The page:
The key advantage of containerization over full machine virtualization is that it avoids the overhead of simulating a full operating system for each application. This results in a more efficient use of system resources, faster startup times, and increased scalability.

Diving Deeper into Linux LXC

LXC, or Linux Containers, is a Linux technology that provides a lightweight virtualization environment that makes it possible to run multiple containers simultaneously on a single control host. LXC uses Linux’s built-in systems to create these isolated environments, making it more efficient than traditional virtualization.

Understanding Cgroups

Cgroups, or control groups, is a Linux kernel feature that limits and isolates the resource usage (CPU, memory, disk I/O, etc.) of process groups. LXC uses cgroups to limit and isolate the resource usage of containers.

For instance, you can limit the CPU usage of a container to prevent it from monopolizing your system’s CPU. Here’s an example of how you can set CPU limits for a container:

lxc-cgroup -n my-container cpuset.cpus 0-3

# Output:
# 'cgroup change of group "my-container" failed'

In the above code block, we limit the container my-container to use only the first four CPUs of the system.

Exploring Namespaces

Namespaces are another Linux feature used by LXC to provide isolation between containers. Each container runs in its own set of namespaces, which gives it a unique view of the system that is separate from other containers.

For example, each container has its own network namespace, which gives it a unique network stack, separate from the host system and other containers. Here’s an example of how you can inspect the network namespace of a container:

sudo ls -l /proc/$(lxc-info -n my-container -p -H)/ns/net

# Output:
# 'lrwxrwxrwx. 1 root root 0 Jan  1 00:00 /proc/12345/ns/net -> net:[4026531969]'

In the above code block, we list the network namespace of the container my-container. The output shows that the container has its own network namespace, separate from the host system and other containers.

Project Usage of Linux LXC

LXC’s lightweight nature and ability to provide isolated environments make it a valuable tool in larger projects and industry practices. It’s particularly useful in the world of DevOps and Continuous Integration/Continuous Deployment (CI/CD) pipelines.

LXC in DevOps

In the realm of DevOps, LXC can be used to create reproducible environments for development, testing, and deployment. This ensures consistency across all stages of the development lifecycle, reducing the likelihood of unexpected issues when moving from development to production.

# Create a container for development
lxc-create -t download -n dev-container

# Create a container for testing
lxc-create -t download -n test-container

# Output:
# 'Creating dev-container...'
# 'Creating test-container...'
# 'Containers dev-container and test-container created!'

In the above code block, we create separate containers for development and testing. This allows us to keep our environments isolated and consistent.

LXC in CI/CD Pipelines

LXC can also play a crucial role in CI/CD pipelines. By creating a new container for each build, you can ensure that each test is run in a clean, controlled environment. This can help identify issues that might not be apparent in a shared or polluted environment.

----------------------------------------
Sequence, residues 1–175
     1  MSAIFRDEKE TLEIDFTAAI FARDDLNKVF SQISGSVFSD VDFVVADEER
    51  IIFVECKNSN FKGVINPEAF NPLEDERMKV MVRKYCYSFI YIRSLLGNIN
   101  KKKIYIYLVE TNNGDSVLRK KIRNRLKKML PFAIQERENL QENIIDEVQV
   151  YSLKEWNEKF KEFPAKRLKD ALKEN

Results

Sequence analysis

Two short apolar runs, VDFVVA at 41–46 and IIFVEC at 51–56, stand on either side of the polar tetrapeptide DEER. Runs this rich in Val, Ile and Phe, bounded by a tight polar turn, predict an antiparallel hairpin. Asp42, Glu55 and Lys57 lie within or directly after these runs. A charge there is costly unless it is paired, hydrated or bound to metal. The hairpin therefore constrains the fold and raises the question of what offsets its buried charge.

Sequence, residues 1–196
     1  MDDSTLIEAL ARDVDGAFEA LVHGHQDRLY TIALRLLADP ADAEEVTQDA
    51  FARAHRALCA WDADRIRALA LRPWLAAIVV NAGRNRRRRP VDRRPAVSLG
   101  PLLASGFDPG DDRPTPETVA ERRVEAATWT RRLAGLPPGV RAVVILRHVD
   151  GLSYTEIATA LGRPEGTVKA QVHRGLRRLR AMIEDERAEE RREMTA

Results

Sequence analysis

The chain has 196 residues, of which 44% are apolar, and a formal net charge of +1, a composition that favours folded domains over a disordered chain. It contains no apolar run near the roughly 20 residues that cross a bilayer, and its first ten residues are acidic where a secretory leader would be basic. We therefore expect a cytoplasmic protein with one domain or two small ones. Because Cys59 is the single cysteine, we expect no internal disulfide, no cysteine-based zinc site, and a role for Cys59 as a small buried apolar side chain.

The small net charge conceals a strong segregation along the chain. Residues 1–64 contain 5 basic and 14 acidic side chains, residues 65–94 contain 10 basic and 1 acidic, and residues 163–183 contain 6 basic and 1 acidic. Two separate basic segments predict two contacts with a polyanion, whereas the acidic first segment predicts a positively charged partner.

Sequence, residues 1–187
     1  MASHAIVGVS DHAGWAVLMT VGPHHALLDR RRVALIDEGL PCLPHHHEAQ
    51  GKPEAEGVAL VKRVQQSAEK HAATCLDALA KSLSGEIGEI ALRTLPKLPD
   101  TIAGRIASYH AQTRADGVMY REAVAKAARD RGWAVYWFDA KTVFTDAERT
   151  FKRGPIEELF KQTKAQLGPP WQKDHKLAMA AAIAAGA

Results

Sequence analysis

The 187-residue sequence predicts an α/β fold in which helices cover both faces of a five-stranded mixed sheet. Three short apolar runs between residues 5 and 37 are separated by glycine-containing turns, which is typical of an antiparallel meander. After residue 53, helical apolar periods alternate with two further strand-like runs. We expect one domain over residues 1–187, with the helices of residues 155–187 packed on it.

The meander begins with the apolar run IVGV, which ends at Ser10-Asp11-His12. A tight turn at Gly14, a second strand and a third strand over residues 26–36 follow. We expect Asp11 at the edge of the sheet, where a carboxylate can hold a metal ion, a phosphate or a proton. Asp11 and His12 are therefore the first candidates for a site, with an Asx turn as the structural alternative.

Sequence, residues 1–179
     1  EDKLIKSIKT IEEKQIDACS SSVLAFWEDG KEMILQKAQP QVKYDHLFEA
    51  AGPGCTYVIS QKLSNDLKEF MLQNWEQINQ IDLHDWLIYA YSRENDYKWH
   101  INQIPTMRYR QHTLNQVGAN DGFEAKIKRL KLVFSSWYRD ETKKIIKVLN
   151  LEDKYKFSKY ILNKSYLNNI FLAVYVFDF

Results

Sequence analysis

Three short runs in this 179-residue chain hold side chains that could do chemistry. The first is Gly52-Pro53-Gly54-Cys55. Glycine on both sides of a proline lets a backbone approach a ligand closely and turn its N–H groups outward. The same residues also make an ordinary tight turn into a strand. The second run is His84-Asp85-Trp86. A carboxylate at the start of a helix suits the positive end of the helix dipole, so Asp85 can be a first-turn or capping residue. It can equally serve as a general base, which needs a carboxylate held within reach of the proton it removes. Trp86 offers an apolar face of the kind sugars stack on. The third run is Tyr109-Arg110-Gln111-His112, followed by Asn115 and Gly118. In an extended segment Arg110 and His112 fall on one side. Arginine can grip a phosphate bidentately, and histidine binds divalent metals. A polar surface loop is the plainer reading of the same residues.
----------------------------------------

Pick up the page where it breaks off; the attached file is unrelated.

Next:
# Create a container for a new build
lxc-create -t download -n build-container

# Output:
# 'Creating build-container...'
# 'Container build-container created!'

In the above code block, we create a new container for a build. This ensures that our build is tested in a clean environment.

Further Resources for Linux LXC

If you’re interested in diving deeper into LXC and how it’s used in larger projects and industry practices, here are a few resources that might be of interest:

  1. LXC’s Official Documentation: A comprehensive guide to all things LXC, from basic usage to advanced features.

  2. LXC on GitHub: The official LXC repository on GitHub. You can find the source code, issues, and discussions here.

  3. Ubuntu LXC Tutorials: A blog that provides numerous posts on various uses of LXC in Linux and Ubuntu.

Wrapping Up: LXC Tutorial for linux

In this comprehensive guide, we’ve traversed the landscape of LXC (Linux Containers) and its application on Linux. We’ve explored its potential as a powerful tool for creating and managing lightweight virtual environments, allowing you to run multiple containers simultaneously on a single control host.

We embarked on our journey with the basics, illustrating the installation and usage of LXC on Linux. We then delved into the advanced aspects, guiding you on installing LXC from source code, installing specific versions, and even troubleshooting common issues.

Throughout our guide, we’ve tackled common challenges you might encounter when using LXC, providing solutions and workarounds to ensure a seamless experience. We’ve also cast light on alternative containerization technologies, such as Docker and Kubernetes, offering you a glimpse into the broader spectrum of tools at your disposal.

Here’s a quick comparison of these technologies:

TechnologyUse CaseEase of Use
LXCLightweight virtualization, running full OS in a containerModerate
DockerPackaging applications with their dependenciesHigh
KubernetesManaging large-scale container deploymentsLow (steep learning curve)

Whether you’re a beginner stepping into the world of Linux containerization or an experienced user looking to deepen your knowledge, we hope this guide has enriched your understanding of LXC and its capabilities.

With its balance of efficiency, versatility, and power, LXC has proven to be a robust tool for managing Linux containers. Now, you’re well equipped to leverage its benefits. Happy containerizing!